Toronto, renowned for its diversity and dynamism, stands at a crossroads in urban development. For years, it has “protected” its neighbourhoods from intensification, both culturally and through policy.

For the first time since the inception of the Expanding Housing Options in Neighbourhoods (EHON) initiative led by former Chief Planner Greg Lintern, we are witnessing a bold proposal, especially compared to everything we have witnessed so far. Unlike the solutions presented and approved thus far, this proposal stands a real chance of making a significant impact and moving the needle on our housing crisis.

In a nutshell, the proposed change presented to Planning and Housing Committee members tomorrow will allow a broader range of housing typologies on Major Streets within 'Neighbourhoods' – a land use designation marked in yellow on the Official Plan. For years, it has been mockingly referred to as the 'yellow belt,' drawing a parallel to the green belt, to emphasize how restrictive and challenging it can be to intensify these areas.

The new proposal will permit the construction of residential buildings up to 6 storeys in height or 30 units on properties designated as "Neighbourhoods." It will require varying setback measures for front, rear, and side property lines. Additionally, the proposed policy will permit the inclusion of small-scale retail establishments to meet local needs.

One of the main debates surrounding this policy concerns the potential impact that denser developments on Major Streets might have on the inner streets of "Neighbourhoods" designated areas. These inner areas will not be affected by the proposed Major Streets policy and will continue to permit nothing larger than a laneway suite, a garden suite, or a fourplex, as permitted by other components of the EHON initiative.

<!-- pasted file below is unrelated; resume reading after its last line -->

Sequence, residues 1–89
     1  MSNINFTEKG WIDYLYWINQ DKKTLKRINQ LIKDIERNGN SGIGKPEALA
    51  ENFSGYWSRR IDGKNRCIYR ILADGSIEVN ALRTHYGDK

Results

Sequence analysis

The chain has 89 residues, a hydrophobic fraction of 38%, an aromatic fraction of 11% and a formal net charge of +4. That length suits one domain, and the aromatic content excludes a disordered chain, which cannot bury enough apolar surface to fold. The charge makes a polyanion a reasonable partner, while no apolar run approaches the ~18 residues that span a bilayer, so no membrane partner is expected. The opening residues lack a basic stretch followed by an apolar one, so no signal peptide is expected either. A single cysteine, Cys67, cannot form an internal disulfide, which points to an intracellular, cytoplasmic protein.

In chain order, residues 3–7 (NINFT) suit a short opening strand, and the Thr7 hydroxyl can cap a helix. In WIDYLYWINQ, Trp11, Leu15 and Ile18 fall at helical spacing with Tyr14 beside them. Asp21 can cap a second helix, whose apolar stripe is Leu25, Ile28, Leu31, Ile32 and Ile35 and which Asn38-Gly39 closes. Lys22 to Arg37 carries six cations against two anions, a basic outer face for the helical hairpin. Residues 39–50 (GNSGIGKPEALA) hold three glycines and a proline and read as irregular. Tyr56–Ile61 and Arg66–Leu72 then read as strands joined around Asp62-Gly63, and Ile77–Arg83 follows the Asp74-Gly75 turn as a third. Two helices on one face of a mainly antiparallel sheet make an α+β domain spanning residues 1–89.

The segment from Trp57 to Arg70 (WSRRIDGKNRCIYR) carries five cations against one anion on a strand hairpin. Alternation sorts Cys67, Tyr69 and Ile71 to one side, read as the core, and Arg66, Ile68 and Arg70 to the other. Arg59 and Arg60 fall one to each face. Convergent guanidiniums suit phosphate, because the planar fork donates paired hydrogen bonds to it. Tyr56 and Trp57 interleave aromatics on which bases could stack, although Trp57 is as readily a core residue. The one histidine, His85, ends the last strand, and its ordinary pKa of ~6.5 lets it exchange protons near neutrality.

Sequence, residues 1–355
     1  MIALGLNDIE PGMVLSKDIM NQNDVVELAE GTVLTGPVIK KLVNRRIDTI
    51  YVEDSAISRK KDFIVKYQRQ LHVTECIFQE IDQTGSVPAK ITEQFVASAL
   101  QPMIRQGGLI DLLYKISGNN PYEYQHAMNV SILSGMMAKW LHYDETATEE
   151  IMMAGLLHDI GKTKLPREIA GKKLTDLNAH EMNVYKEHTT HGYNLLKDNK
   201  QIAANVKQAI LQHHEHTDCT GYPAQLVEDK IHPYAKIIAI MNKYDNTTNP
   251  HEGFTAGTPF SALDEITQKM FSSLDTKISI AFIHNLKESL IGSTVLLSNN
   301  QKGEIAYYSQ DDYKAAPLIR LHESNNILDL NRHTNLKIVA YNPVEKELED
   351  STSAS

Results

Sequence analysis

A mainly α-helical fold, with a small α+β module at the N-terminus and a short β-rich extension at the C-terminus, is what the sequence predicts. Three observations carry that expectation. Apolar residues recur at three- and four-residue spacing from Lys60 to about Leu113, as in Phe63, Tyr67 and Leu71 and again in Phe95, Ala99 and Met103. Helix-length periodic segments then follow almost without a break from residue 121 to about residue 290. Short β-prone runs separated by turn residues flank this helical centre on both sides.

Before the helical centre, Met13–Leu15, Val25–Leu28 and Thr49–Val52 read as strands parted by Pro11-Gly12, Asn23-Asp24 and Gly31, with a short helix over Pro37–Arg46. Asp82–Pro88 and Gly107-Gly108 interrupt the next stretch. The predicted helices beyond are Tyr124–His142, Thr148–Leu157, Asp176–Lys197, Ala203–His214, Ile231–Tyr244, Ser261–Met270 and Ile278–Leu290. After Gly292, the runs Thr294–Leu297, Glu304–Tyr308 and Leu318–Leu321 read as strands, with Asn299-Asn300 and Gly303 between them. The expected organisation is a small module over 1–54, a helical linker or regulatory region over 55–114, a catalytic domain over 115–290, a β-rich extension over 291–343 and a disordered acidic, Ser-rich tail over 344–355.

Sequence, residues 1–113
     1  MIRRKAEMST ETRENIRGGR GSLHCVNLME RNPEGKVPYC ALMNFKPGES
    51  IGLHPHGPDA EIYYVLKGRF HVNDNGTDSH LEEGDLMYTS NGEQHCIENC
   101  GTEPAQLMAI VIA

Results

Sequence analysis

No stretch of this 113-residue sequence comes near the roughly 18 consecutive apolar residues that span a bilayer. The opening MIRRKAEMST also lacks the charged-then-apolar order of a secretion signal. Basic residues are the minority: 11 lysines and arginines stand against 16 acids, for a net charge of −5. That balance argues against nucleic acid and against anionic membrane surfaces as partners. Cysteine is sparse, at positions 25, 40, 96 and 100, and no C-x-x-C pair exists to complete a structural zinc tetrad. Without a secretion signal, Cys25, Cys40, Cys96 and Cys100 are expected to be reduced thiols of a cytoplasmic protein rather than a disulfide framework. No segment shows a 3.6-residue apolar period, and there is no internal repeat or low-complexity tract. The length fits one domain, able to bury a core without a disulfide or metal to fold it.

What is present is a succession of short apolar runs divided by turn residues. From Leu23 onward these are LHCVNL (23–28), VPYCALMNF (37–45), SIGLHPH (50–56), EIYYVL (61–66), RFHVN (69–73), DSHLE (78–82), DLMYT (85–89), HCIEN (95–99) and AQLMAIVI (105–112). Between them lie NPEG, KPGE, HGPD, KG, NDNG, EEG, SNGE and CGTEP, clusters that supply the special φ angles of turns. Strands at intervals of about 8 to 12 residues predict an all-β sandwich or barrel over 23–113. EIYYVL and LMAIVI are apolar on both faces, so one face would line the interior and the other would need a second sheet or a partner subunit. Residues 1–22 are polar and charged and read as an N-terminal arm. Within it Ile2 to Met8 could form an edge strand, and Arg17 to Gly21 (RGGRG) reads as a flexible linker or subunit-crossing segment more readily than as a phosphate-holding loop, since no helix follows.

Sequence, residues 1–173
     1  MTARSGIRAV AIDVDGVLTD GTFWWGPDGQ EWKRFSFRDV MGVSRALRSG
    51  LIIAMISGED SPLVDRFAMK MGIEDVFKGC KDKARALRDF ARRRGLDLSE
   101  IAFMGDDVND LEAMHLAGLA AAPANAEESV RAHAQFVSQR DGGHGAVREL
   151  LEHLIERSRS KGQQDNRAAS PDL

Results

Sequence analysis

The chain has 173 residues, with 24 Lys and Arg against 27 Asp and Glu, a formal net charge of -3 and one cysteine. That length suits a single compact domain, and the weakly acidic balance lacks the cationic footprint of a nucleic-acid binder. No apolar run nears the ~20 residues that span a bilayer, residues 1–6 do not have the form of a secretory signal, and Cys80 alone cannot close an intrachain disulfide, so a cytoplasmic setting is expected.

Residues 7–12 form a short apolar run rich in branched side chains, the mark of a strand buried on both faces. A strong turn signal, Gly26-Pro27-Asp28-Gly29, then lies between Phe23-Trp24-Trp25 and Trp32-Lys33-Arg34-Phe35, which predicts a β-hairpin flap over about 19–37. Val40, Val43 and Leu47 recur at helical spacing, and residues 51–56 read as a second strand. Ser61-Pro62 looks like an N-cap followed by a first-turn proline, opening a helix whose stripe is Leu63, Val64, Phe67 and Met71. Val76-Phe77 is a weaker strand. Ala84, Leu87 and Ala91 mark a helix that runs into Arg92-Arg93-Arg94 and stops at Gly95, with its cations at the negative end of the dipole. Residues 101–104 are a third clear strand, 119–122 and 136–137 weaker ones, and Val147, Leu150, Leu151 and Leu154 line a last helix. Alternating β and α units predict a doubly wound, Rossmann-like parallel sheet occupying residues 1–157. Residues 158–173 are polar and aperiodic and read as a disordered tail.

Critics, largely comprising local residents, argue that such developments could diminish the quality of life that their neighbourhoods currently provide. However, it’s about time for Toronto to learn that well-designed, denser developments typically enhance livability and improve quality of life by promoting community interaction, supporting local businesses, and providing convenient access to amenities.

What we have observed so far highlights a key issue in Toronto's urban planning landscape: inconsistent development standards across different street designations. Streets like Dufferin, Lansdowne, and Christie for example, are designated as 'Neighbourhoods,' and share similar widths with Mixed-Use streets like Bloor and Dundas. However, unlike Bloor and Dundas, which can have buildings up to 11 storeys tall (based on their width), these 'Neighbourhoods' streets are limited to low-rise buildings. This inconsistency has created artificial land scarcity and has significantly restricted our housing options.

Toronto has the potential to emerge as a prominent leading city of the future. Embracing the Major Streets policy tomorrow at the Planning and Housing Committee is a crucial step not only towards fulfilling this potential but also towards creating a city that genuinely embodies our values of diversity, inclusion, and equity.

The Major Streets policy aims to address this by introducing new density typologies for those streets, expanding housing options for people with different income levels. This policy goes beyond simply constructing buildings; it's about ensuring our neighbourhoods are accessible to more than a select few.

Urbanity Fair